High-level Nazis play a major role in the story. In addition to Adolf Hitler and Field Marshal Herman Göring, there is Heinrich Himmler, the German Interior Minister and Chief of the SS (along with his Rome-based personal representative Colonel Eugen Dollmann, who was gay) and Joachim von Ribbentrop, the German Foreign Minister. Field Marshal Albert Kesselring, the Wehrmacht Commander-in-Chief for German forces in Italy, is a frequent visitor to the story. Two uber-Nazis likely familiar to Osprey readers are SS-Hauptsturmführer Otto Skorzeny, the man ordered by Hitler to rescue Mussolini, and SS-Hauptsturmführer Theodor Dannecker, Eichmann’s infamous troubleshooter, who was sent to Rome to round up more than 1,000 Jews and send them to Auschwitz.

In Rome, Herbert Kappler was the head of the SS and the Gestapo. His word was law, and sooner or later he came to know about everything that was happening in the city through his extensive network of spies and informants. Kappler had a gaggle of capable and equally ruthless assistants, including the head of the Gestapo prison at Via Tasso, Eric Priebke. After the war Priebke was smuggled to Argentina, where he was discovered by an American TV journalist and deported back to Italy. There he stood trial for his part in the Fosse Ardeatine massacre, the murder of 335 Italian men and boys in reprisal for a partisan attack on a Nazi police column. There are many other Nazis who are included in the main story, and the book includes an Appendix containing names of the known Rome SS members and their agents and collaborators. When known, their post-war activities are also noted, including those of the individuals who joined the West German Intelligence Service.

As expected, many of the people listed in the Dramatis Personae are Italian. Included are those who maintained their loyalty to Vittorio Emanuele III, King of Italy. These major participants are the senior military officers, such as Marshal Badoglio, who ran the government and sued the Allies for peace after the ouster of Mussolini. Unfortunately, as will be seen in the book, they were largely ineffective in protecting the country from a takeover by their former Axis partner.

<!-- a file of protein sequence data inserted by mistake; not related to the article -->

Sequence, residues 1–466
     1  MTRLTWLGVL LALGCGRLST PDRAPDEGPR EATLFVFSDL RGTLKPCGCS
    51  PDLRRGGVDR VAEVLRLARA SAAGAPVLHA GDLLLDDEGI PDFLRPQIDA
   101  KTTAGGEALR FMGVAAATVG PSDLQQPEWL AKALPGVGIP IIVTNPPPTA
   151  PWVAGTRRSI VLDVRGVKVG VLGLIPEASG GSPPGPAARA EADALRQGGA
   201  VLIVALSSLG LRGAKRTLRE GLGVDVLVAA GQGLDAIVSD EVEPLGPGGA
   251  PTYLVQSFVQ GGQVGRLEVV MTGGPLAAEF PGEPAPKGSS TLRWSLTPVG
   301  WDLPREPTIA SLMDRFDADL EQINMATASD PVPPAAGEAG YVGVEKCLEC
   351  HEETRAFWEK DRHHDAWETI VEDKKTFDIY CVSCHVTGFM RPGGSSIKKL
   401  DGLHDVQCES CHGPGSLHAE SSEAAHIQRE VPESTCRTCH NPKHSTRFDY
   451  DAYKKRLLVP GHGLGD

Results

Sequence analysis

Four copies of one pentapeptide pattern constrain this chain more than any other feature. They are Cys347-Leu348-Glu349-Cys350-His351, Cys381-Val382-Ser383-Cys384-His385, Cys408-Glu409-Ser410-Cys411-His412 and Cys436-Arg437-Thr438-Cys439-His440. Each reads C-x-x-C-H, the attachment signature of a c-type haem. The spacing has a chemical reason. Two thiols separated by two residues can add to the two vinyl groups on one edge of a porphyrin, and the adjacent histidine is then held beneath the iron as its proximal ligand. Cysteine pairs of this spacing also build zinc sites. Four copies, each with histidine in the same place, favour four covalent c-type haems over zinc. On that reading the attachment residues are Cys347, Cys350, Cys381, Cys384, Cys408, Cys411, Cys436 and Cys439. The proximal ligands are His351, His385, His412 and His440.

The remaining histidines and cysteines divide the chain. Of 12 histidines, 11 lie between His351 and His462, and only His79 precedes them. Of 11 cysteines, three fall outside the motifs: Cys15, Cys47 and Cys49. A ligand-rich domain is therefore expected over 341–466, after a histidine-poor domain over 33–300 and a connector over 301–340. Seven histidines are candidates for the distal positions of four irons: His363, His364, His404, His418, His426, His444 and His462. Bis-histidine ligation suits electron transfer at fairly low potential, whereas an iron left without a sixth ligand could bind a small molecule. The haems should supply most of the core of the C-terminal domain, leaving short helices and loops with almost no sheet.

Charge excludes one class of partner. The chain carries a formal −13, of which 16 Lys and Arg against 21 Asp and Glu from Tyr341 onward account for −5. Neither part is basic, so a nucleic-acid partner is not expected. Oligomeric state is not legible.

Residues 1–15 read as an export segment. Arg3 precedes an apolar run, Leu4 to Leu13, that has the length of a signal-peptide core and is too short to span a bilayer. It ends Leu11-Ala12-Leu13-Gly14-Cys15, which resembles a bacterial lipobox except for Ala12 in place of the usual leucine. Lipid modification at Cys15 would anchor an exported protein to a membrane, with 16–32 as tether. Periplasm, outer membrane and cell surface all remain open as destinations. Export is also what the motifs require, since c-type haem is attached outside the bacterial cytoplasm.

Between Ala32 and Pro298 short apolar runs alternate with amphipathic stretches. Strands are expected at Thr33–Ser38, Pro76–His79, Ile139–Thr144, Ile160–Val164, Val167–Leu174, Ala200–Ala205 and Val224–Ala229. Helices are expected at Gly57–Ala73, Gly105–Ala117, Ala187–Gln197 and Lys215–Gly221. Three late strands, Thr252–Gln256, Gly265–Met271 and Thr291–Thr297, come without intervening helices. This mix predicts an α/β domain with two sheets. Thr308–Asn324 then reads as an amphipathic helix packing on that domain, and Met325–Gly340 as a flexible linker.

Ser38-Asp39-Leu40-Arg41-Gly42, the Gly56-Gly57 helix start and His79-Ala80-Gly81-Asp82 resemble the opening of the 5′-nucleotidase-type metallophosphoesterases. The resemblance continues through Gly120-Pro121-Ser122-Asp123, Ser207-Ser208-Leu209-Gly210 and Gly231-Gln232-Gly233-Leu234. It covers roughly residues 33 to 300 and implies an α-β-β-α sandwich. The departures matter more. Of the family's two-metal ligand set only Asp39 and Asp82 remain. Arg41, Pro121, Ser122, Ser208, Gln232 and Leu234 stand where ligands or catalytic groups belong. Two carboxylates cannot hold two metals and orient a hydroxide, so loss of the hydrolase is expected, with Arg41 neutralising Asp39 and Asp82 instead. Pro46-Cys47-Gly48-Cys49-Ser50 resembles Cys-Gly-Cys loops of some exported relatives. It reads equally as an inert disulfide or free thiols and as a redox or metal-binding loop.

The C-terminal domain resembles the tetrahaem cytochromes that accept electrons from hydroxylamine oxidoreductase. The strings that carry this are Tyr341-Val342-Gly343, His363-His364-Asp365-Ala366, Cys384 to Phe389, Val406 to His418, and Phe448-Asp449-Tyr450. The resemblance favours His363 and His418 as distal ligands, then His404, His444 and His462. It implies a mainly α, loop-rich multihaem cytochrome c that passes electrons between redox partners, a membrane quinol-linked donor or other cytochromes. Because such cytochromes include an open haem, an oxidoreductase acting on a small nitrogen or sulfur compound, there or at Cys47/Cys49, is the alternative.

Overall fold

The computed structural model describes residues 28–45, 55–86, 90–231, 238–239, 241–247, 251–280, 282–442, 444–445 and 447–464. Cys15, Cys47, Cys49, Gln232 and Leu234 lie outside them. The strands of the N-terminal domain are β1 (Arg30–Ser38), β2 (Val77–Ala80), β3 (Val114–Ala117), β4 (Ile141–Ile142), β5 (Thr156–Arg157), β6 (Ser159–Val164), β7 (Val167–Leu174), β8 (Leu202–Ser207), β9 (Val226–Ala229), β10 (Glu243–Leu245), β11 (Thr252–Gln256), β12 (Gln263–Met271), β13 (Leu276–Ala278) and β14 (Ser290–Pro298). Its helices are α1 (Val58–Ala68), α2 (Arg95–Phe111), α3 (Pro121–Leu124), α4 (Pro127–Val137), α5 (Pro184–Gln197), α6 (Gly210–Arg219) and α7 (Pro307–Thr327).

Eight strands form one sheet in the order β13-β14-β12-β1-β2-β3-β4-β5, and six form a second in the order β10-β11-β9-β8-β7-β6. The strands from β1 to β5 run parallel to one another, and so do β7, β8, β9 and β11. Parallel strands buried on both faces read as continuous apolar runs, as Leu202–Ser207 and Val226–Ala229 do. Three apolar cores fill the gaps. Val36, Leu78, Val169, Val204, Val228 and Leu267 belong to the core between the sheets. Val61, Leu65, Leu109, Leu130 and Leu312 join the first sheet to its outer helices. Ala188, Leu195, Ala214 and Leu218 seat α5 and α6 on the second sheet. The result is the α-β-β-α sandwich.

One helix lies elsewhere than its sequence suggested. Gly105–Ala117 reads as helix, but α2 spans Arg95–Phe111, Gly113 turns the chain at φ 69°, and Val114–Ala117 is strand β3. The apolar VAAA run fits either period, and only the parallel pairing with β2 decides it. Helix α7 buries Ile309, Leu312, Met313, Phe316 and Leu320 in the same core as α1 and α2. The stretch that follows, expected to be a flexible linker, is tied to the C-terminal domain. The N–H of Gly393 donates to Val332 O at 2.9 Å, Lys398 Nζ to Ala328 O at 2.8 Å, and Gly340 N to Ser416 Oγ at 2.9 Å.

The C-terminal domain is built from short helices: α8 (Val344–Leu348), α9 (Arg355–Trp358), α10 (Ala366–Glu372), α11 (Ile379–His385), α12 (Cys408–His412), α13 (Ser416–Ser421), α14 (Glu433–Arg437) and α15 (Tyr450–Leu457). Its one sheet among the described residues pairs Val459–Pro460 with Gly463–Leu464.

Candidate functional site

Members of the royalist Italian Military Intelligence Service (SIM), such as Colonel Montezemolo, are also listed. Those individuals set up a clandestine intelligence service in Rome to pass on information to Italian royalists and the Allies, and they often paid for this with their lives. They reported on German troop and supply movements through the city and transmitted that information via a network of clandestine radios. Some worked closely with the American OSS and elements of the British SOE and were killed when discovered by the Gestapo. Others worked directly for the Rome Escape Line in a wide variety of positions.

There are of course dyed-in-the-wool Fascists who play important roles in our story. Some of these were senior ministers of the newly formed Italian Social Republic, the Salò Republic. Lesser lights were Pietro Caruso, Rome’s Fascist police chief, and Pietro Koch, the head of a Special Fascist Police Unit, Banda Koch. These men and others, including double agents, facilitated the iron grip that the city experienced under Kappler.

The final group of names to be considered is those of the young men and women, mostly university students, who shortly after the armistice formed a resistance movement in Rome and became partisans. This tight group caused major havoc in the city, with multiple attacks on German institutions, personnel and vehicles. Their courage, resourcefulness and actions are celebrated throughout the book.

Having written the above, I feel I am remiss in leaving out so many important characters; however, rest assured they are in the book and I hope that you the reader will come to know them as I do.


 Rome – City in Terror: The Nazi Occupation 1943–44 publishes 17 September. Preorder your copy now.